A Facebook friend posted a meme discussing the dangers of fluoride toothpaste, so I did a little math:
“It takes 5-10 grams of sodium fluoride to kill a full grown human. Fluoride drinking water contains less than a single part per million. (about 0.5 ppm, usually.) The average person consumes a bit more than a swimming pool worth of water in their lifetime. (Around 87,000 liters). The amount of fluoridated water that would be required to reach 5 grams of sodium fluoride? 10 million liters. Humans are literally incapable of drinking enough fluoridated water to kill themselves, or even enough to cause tooth color mottling, the first effect of fluoride buildup to appear. (Other fluoride salts than sodium fluoride can be used, but similar math applies.)
What about toothpaste, though? Well, sodium fluoride in toothpaste (or in fluoridated water) reacts with apatite (the mineral your teeth are made of- I’m fairly sure the pun was intended) to to form fluorapatite, which occurs naturally in enamel. (There’s a lot of fluoride on Earth- as the lowest atomic weight halogen, there’s a ton of it around.) The levels of fluoride in toothpaste are pretty carefully calculated so that most of it is used in the reaction that forms fluorapatite, and the rest gets spat out. In order to actually get fluoride poisoning from toothpaste, which has around 1,000 ppm of fluoride, you’d have to eat several thousand liters of toothpaste. Again, rather impractical. You’ll never put enough toothpaste in your mouth to cause even the most minor of symptoms, even if you retained 100% of the fluoride (which your body slowly flushes out over time) and none of it reacts with the apatite in your teeth.
Fluoride poisoning does occur, but not from toothpaste or fluoridated drinking water. More often, it’s from industrial waste or wells built in regions with certain types of high-fluoride granite.”
Moral of the story? Don’t eat thousands of liters of toothpaste.
You are extremely stupid. 0.5 ppm is unusually low for artificially fluoridated water. The nominal concentration is usually at least 0.7 ppm. You haven’t distinguished between fluoride and sodium fluoride, and the 5 to 10 g range is high even for fluoride, let alone sodium fluoride. The fact that fluoride is a cumulative poison has also not been taken into account. To top it all off, you can’t even get the simple arithmetic right. 0.5 ppm is equivalent to 0.5 mg/L. So in 10 million litres of water with a fluoride concentration of 0.5 ppm there is 5 million milligrams of fluoride, which is the same as 5 thousand grams, or 5 kilograms. The idea that 10 million litres of fluoridated water is required to reach 5 grams of sodium fluoride is laughable. You’re out by three orders of magnitude. Since you are innumerate, have no knowledge of toxicology, and are scientifically illiterate, it’s probably a good idea to stay away from this kind of discussion, genius.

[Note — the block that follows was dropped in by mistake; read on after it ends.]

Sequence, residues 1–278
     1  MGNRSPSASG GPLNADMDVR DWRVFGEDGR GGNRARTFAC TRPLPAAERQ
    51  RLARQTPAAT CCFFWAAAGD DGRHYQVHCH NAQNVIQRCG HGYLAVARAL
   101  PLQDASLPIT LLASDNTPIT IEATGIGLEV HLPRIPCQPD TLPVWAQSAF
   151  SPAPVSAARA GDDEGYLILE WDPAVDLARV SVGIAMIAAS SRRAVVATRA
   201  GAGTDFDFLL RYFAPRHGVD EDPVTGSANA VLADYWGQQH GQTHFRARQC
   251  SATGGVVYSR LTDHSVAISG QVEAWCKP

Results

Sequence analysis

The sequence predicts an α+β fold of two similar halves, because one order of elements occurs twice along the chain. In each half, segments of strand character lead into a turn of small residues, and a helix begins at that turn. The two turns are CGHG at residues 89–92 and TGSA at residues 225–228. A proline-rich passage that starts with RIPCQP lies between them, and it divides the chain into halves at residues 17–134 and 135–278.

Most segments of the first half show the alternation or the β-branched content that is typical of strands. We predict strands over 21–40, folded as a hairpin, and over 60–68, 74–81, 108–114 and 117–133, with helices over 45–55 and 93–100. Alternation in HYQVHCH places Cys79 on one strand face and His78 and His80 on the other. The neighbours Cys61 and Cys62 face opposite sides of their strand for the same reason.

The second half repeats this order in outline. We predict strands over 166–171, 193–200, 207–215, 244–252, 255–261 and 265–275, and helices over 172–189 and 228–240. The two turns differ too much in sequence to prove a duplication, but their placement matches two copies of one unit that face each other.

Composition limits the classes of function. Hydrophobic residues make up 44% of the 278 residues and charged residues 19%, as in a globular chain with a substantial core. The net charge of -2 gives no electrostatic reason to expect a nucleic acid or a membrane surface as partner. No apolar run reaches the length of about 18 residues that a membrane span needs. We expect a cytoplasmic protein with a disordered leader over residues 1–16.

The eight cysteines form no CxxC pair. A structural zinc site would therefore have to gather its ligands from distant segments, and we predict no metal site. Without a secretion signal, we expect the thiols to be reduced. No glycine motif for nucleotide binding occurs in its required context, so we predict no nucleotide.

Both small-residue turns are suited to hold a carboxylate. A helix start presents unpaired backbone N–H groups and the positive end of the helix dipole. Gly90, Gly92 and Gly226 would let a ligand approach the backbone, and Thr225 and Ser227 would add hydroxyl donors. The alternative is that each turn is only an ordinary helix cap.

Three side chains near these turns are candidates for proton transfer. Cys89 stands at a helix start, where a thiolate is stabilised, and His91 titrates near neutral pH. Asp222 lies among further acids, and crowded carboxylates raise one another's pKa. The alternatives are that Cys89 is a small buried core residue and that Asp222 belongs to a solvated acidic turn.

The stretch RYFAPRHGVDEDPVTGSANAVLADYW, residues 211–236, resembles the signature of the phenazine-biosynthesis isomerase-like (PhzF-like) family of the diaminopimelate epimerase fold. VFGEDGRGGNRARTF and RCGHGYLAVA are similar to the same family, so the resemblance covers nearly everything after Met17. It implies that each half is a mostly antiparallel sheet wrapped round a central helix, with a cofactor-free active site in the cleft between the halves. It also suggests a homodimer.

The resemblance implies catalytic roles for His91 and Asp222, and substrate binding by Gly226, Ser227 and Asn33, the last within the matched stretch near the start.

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Aww, I got my first ever angry commenter on this blog! Well, I just pulled most of my data off of wikipedia, did some math off the top of my head, and posted it on facebook. Not to mention I study geology, and most of my chemistry is oriented towards that, rather than biochemistry. Errors are not improbable.
Thankfully, though, I’m a reasonable human being who doesn’t usually run around on the internet insulting random people. That fact really helps me sleep at night. You, on the other hand, are intensely rude even when you’re NOT anonymous on the internet. Not to say I’m innocent of that, but I really don’t think you’re likely a pleasant person in real life. You seem dedicated towards shutting down conversation, rather than engaging in it.
Also, just because I’m not a saint, and enjoy occasional pettiness, your blog is ugly and your rhetoric is overblown.
Call the poison control center at 412-390-3381 if you swallow toothpaste. I’m sure it’s for liability reasons; it just can’t be because humans are that stupi…. Uhh, never mind.
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